President Barack Obama’s planned trip to the Everglades this week is being used by some supporters to boost the proposal to buy U.S. Sugar Corp. land for water storage.
In his weekly radio address on Saturday, Obama said he will visit the Everglades on Earth Day, which is Wednesday, to talk about how climate change threatens the economy.
Obama didn’t mention the proposed land deal involving 46,000 acres of U.S. Sugar land. The state has until Oct. 1 to exercise an option to buy the land at market value, estimated at $500 million or more.
Mary Barley of the Everglades Trust sent an email message to supporters on Sunday saying that the Everglades are at a crossroads.
“Florida has a contract with U.S. Sugar Corporation to buy land that would save the Everglades,” she wrote. “But if our legislature does not act by May 1, we could lose this natural treasure. That’s why the president’s visit and attention are so vital.”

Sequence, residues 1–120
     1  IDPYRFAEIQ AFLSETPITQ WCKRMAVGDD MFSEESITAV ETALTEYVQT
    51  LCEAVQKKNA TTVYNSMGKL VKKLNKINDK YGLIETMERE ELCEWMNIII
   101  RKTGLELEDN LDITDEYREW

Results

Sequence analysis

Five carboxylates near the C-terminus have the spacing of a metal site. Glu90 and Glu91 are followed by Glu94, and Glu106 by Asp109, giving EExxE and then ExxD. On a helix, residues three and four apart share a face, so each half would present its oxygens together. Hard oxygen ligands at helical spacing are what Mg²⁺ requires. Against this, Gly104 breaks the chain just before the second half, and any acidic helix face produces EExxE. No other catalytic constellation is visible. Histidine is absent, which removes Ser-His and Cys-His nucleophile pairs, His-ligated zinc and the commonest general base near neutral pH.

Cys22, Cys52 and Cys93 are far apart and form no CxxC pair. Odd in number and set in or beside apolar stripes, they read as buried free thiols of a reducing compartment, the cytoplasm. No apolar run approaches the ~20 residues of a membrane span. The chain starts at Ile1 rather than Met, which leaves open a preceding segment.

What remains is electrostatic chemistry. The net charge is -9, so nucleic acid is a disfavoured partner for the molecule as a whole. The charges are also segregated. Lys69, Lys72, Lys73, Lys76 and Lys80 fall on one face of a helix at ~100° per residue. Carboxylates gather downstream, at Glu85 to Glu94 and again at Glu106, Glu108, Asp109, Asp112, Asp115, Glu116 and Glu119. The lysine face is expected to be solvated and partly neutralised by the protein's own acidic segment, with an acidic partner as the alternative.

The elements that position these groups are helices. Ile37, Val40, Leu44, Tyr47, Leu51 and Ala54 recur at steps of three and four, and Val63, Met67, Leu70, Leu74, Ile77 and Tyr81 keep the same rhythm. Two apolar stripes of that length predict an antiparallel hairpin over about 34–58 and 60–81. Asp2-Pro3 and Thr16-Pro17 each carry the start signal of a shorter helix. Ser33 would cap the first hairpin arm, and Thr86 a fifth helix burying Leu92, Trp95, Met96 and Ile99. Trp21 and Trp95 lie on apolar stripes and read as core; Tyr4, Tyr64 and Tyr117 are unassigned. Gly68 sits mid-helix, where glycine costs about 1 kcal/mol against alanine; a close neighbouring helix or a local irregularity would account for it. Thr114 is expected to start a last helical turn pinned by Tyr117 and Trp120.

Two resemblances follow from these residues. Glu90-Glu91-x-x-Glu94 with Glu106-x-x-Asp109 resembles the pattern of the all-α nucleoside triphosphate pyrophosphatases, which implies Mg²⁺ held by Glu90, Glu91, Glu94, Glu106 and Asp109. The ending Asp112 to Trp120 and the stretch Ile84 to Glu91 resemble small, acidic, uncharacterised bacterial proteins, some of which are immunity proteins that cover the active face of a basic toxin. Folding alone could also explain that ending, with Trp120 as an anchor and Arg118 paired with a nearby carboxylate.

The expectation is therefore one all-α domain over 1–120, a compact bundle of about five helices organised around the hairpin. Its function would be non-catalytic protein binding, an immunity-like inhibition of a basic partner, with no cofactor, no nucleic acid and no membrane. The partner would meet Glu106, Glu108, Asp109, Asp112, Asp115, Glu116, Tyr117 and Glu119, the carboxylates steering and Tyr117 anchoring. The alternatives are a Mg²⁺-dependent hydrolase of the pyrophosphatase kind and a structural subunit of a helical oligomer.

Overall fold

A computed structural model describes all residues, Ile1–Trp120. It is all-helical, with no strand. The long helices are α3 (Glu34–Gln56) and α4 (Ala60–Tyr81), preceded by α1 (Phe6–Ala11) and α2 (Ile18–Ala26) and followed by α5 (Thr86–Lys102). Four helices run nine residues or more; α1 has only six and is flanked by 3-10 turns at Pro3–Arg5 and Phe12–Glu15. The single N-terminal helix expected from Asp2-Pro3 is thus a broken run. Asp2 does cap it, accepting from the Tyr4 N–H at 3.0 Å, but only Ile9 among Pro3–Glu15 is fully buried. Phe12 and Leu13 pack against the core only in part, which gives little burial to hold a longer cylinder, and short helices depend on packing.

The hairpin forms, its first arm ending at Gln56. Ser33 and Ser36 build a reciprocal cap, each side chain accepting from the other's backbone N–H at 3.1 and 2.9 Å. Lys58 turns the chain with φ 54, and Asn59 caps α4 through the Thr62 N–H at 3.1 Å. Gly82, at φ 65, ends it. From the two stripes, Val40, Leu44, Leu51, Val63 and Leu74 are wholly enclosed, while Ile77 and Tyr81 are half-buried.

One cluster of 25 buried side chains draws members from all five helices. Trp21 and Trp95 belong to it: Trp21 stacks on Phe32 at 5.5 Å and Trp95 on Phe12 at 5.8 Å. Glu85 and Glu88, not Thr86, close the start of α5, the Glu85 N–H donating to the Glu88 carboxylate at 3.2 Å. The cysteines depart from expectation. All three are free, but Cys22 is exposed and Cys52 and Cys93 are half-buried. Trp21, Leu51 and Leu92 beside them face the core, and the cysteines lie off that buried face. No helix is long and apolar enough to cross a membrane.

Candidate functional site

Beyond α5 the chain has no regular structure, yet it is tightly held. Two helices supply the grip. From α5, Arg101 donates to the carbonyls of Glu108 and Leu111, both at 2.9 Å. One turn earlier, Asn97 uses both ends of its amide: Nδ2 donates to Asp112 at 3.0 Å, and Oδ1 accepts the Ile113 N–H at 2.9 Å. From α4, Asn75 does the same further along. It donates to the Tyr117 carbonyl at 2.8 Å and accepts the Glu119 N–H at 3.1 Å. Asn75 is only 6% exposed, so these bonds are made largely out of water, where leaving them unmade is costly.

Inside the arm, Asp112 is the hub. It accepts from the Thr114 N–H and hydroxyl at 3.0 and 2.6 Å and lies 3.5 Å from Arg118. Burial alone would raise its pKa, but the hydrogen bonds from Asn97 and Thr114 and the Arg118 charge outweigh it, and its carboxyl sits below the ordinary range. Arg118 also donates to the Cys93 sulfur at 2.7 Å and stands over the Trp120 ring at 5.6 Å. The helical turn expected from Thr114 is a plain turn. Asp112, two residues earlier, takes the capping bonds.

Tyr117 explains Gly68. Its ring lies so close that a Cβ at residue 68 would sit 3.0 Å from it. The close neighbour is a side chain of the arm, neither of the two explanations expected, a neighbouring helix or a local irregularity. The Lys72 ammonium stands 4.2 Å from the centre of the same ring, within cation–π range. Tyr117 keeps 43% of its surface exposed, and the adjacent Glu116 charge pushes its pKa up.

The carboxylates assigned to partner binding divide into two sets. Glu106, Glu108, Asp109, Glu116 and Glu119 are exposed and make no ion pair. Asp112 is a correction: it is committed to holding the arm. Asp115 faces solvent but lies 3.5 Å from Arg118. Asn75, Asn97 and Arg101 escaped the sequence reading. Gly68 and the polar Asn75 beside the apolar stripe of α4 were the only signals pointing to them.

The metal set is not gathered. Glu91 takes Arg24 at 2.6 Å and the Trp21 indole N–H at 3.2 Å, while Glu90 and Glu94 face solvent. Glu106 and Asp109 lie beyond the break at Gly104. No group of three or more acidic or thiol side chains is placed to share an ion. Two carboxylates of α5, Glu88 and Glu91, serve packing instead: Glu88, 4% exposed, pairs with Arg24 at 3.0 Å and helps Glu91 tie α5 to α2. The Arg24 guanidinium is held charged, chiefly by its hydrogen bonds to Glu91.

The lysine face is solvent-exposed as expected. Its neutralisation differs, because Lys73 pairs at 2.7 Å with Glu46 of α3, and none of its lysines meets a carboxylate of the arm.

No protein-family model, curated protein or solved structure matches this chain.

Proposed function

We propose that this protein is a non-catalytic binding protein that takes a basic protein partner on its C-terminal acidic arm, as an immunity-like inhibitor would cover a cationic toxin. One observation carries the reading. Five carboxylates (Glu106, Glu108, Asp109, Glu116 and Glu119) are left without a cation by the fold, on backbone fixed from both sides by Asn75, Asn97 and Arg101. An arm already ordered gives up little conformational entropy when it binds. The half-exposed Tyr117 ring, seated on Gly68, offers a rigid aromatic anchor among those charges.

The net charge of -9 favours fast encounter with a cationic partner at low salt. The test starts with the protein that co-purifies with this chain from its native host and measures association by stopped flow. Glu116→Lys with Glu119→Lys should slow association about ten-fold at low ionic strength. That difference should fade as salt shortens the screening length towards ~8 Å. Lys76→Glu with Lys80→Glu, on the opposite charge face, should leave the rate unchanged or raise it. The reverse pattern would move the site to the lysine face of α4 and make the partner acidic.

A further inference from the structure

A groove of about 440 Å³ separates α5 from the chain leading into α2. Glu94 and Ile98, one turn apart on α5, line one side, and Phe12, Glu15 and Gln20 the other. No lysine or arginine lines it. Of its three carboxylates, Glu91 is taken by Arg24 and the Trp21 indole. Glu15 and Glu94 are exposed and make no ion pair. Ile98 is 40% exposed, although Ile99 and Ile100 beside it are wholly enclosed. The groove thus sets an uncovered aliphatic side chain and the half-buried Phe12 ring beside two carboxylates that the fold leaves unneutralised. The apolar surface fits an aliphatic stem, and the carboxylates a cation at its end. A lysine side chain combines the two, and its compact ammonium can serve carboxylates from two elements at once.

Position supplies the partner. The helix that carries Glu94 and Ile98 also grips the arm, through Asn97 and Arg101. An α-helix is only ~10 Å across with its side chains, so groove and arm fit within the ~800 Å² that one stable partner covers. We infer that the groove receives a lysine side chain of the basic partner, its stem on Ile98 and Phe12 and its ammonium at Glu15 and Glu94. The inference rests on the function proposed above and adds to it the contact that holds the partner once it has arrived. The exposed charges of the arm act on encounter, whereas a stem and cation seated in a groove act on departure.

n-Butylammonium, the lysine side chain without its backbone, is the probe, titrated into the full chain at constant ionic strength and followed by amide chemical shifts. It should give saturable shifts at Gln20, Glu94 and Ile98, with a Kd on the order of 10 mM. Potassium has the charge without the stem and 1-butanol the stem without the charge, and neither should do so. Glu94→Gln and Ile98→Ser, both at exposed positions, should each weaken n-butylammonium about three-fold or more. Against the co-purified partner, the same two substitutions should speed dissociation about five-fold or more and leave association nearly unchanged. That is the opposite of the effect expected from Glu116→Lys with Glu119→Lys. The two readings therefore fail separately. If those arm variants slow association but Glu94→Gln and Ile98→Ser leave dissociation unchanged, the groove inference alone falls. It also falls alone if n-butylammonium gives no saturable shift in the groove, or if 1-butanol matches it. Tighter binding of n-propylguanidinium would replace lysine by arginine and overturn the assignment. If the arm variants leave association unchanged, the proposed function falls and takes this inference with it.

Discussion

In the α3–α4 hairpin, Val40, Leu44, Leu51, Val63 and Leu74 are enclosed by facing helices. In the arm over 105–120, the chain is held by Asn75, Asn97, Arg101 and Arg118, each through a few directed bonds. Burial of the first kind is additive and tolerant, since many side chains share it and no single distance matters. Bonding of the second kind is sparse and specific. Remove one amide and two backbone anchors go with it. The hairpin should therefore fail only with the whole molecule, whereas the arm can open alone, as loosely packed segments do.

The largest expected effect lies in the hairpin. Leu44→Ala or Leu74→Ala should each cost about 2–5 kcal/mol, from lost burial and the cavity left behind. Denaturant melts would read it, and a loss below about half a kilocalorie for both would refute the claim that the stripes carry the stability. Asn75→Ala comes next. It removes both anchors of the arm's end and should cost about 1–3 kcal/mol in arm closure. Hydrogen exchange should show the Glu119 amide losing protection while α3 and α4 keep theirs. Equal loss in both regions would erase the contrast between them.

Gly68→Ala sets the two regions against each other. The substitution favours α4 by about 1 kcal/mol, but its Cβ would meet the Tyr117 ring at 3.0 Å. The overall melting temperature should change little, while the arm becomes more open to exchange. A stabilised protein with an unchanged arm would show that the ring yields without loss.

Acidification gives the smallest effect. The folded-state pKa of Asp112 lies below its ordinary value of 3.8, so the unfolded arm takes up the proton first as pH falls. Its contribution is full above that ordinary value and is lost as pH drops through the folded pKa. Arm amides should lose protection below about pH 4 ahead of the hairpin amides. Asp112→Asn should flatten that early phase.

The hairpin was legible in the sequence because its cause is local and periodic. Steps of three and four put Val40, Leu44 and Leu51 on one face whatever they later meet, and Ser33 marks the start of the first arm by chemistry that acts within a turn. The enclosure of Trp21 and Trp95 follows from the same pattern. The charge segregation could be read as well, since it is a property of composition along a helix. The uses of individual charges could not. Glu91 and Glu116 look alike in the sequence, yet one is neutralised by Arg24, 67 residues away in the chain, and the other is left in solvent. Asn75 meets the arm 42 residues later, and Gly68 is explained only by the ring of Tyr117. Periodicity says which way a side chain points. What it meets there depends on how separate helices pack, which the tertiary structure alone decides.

Other environmental groups apparently aren’t picking up on that message of tying the president’s visit to the proposed land buy.
Gov. Rick Scott has said he is focused on finishing other projects. He won support in 2012 for an $880 million plan to create reservoirs to clean up water flowing toward the Everglades from Lake Okeechobee
And U.S. Sugar says the land sale now won’t help the Everglades as much as other cleanup projects.
“This ‘exciting news’ is simply the Everglades Foundation’s tired old rhetoric against sugar farmers,” company spokeswoman Judy Sanchez said Monday. Sanchez said she considers the Everglades Foundation and the Everglades Trust to be the same group although they are registered separately with the U.S. Internal Revenue Service.
A University of Florida study released March 2 said planned and existing water storage projects are insufficient. The study said additional land is needed, including possibly the U.S. Sugar Corp. land.
In his weekly address on Saturday, Obama said the Everglades is “one of the most special places in the country.”
“But it’s also one of the most fragile,” Obama said. “Rising sea levels are putting a national treasure – and an economic engine for the South Florida tourism industry – at risk.”
Audubon Florida’s Eric Draper said Monday the focus of the president’s visit seems to be climate change and sea-level rise.
“Highlighting the Everglades as one of the nation’s special places that could be affected by sea-level rise is an important thing for him to do,” Draper said.
Bruce Ritchie (@bruceritchie) covers environment, energy and growth management in Tallahassee.